In a connect-the-dots diagram, the more dots there are, the more detailed the resulting image. Similarly, in digital scanning, the more pixels there are, the more that image resembles the actual film. The significance is this: The 8.8 million pixels in a 4K scan are enough to reproduce all the visual information in a frame of 35 mm film — every detail of the image, the full dynamic range of bright to dark, the entire spectrum of colors, even the sheen of “grain” that distinguishes film from video. (Lawrence of Arabia was shot in 65 millimeter — nearly twice the width of a 35-millimeter frame — so its negative had to be scanned in 8K, creating 8,192 pixels across each line. But it is still referred to as a 4K scan because it has the same density of pixels, the same resolution across 65 millimeters that 4K has across 35 millimeters.)
Robert Harris, who led the 1980s restoration process, gave his approval to the 4k digital cinema presentation of Lawrence of Arabia, and the 4k format in general has been embraced by such visual masters as Ron Fricke, who filmed Baraka in 1992 in 70mm and released their newest film Samsara earlier this year in 4k (it was shot in 65mm), as well as cinematographer Roger Deakins (Shawshank Redemption, No Country for Old Men). If the process is good enough for them, then it’s good enough for me!
The film was coming to Cinemark theaters across the country, but only to three locations in Iowa: Ames, Des Moines and Davenport. I bought a ticket online for the Ames location as it was the shortest distance from CF (a mere 100 miles away). I left work around 11am, drove to Ames, drove around town for an hour and then went to the theater and took a seat near the front, right in the center.
And then I waited. And waited. And waited some more. The trailers (???) began, but they froze up (?!?!?) during the third one. A woman I assume was the manager peeked her head through the door, apologized and said she’s have it going in a few minutes. Ten minutes later the program began again, this time a 15-minute introduction to the film by Martin Scorsese. Okay, fine. Then a very short (30 second) intro by Omar Sharif. Fine. Then it froze again. Hmm. I waited some more, for about 20 minutes, before the feature finally began. But it wasn’t the feature, it was a b/w newsreel footage of the filming, showing King Hussein of Jordan and his son visiting the set. Kinda neat. Then newsreel footage of the premiere. Meh. Then, finally, the feature.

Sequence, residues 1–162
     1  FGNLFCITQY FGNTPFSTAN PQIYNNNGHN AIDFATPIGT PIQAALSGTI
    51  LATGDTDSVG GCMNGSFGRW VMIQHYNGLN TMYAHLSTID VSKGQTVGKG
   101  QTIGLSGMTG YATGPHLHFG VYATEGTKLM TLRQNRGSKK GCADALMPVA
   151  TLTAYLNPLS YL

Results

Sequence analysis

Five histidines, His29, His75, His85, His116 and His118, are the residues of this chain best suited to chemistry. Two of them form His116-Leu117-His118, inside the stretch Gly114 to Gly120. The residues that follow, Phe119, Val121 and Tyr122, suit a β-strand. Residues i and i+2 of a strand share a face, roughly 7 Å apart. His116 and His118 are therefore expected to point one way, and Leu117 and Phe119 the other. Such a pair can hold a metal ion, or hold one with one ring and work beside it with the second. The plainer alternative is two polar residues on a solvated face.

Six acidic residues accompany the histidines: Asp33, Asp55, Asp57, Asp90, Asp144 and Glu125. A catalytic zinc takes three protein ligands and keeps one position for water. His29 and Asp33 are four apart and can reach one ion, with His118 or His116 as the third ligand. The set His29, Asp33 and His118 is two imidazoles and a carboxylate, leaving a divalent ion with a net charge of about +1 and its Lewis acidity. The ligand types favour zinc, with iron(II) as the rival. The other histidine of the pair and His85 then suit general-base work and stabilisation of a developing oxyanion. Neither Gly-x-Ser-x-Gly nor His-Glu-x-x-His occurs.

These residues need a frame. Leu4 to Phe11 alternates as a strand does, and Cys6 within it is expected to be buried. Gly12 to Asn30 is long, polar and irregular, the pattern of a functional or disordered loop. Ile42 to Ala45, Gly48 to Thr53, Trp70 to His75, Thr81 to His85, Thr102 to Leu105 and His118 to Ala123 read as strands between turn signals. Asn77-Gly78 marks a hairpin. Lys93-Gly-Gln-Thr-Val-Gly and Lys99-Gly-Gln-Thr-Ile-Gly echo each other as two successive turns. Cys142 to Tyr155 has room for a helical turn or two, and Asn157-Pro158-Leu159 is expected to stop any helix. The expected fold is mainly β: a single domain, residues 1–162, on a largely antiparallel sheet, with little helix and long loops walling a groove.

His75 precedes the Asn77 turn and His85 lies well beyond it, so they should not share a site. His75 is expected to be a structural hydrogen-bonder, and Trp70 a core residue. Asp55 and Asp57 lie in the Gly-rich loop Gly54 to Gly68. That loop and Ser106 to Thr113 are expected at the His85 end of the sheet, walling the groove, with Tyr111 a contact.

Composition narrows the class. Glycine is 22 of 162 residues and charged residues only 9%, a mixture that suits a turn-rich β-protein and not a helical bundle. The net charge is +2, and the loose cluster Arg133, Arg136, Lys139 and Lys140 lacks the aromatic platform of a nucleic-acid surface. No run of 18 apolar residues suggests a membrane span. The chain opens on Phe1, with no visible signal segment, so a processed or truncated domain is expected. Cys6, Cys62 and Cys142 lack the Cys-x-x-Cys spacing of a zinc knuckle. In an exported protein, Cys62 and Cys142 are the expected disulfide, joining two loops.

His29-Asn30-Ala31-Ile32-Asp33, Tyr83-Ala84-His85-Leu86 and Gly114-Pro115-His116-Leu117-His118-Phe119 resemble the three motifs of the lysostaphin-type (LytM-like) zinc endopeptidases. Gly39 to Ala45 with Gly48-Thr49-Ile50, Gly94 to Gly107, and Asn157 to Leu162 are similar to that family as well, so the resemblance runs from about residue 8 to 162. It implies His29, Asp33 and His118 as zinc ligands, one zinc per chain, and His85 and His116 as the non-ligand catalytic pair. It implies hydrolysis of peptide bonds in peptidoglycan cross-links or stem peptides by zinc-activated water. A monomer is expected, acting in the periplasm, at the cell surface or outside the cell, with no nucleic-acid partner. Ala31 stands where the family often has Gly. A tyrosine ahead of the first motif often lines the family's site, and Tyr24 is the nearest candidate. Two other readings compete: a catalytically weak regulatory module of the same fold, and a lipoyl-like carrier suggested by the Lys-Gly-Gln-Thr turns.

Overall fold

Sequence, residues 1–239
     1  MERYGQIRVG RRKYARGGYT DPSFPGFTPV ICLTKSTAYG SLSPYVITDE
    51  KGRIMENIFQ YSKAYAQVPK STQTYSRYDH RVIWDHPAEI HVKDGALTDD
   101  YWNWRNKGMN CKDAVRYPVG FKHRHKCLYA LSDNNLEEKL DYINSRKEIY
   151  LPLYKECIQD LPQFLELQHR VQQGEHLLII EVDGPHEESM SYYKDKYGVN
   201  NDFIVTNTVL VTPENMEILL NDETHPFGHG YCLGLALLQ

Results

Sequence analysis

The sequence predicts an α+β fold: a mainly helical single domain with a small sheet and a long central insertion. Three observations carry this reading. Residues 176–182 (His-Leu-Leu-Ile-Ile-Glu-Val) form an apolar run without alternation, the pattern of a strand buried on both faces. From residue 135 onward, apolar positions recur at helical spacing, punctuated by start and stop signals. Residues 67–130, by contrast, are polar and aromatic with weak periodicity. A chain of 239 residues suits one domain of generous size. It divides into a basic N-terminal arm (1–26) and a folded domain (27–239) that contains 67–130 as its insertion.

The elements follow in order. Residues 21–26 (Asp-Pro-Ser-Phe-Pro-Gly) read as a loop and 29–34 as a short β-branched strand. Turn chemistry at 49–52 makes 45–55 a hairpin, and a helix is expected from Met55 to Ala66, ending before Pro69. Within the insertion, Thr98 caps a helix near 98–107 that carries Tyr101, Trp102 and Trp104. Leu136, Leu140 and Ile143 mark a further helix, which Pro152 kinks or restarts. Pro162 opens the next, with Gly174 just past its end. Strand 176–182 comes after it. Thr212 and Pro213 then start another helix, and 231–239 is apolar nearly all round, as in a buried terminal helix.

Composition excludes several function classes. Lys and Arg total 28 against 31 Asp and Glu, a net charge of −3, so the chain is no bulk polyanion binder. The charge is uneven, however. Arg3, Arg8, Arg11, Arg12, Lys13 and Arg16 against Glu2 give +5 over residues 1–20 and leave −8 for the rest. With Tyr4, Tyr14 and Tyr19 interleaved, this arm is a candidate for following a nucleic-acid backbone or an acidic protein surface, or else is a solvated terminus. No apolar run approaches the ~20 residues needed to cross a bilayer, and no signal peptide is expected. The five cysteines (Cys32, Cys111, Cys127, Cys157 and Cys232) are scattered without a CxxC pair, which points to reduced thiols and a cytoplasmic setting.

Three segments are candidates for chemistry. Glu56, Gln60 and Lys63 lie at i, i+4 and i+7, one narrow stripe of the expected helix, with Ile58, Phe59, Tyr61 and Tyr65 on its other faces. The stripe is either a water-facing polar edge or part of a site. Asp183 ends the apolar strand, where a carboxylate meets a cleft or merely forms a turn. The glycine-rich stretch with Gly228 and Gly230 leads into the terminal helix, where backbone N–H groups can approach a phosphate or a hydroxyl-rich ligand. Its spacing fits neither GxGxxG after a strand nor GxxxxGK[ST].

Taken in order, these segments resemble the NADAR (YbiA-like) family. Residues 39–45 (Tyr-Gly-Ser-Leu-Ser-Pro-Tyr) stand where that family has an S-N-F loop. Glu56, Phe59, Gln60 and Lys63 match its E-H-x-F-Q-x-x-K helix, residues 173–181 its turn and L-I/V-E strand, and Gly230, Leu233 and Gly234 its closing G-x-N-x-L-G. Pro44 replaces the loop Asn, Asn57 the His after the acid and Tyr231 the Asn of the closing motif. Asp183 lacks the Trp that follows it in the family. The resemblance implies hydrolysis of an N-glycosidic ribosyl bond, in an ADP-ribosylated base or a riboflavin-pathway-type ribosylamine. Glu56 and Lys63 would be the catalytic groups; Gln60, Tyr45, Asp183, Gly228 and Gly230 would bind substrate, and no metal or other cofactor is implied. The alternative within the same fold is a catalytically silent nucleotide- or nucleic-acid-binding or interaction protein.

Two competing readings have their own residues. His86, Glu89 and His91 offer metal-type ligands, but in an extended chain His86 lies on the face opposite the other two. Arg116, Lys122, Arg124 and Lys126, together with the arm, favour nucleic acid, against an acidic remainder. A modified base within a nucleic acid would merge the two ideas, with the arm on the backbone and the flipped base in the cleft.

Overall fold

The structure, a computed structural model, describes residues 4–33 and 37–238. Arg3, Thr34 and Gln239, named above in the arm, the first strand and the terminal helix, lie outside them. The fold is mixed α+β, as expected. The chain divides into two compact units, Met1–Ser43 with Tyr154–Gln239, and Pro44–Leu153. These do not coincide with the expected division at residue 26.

To see it on the big screen, to see what Ebert meant about the incredibly tiny black dot emerging from the waves of heat of the desert sands, slowly growing in size until an actual figure can be made of it… this happens twice during the film, and both times it is totally captivating. No matter how large of a flat-screen television there is, it will not be large enough to display these spellbinding images. Nothing compares to seeing this film on the big screen. And I am so glad, so grateful that I had the opportunity and good fortune to do so last week.
Although I’ve now seen the three film I had been focused on for all these years, there are many other classics I’d like to see on the big screen. I’d still like to see one film projected in 70mm (as Paul Thomas Anderson’s latest film The Master currently is), but those screenings are hard to come by. I’d also like to see a Cinerama film, although that’s almost impossible outside of the west coast. But I’m going to do what I can.
On a side note — other classic films I’ve seen on the big screen include The Evil Dead at the Dundee in Omaha, Evil Dead 2 at the Collins Rd Theater in Cedar Rapids, High & Low and Jules et Jim on separate occasions at the Bijou in Iowa City (both were coupled with recent releases), Back to the Future (35mm) and The Godfather (low-res, possibly 2k) at College Square 12.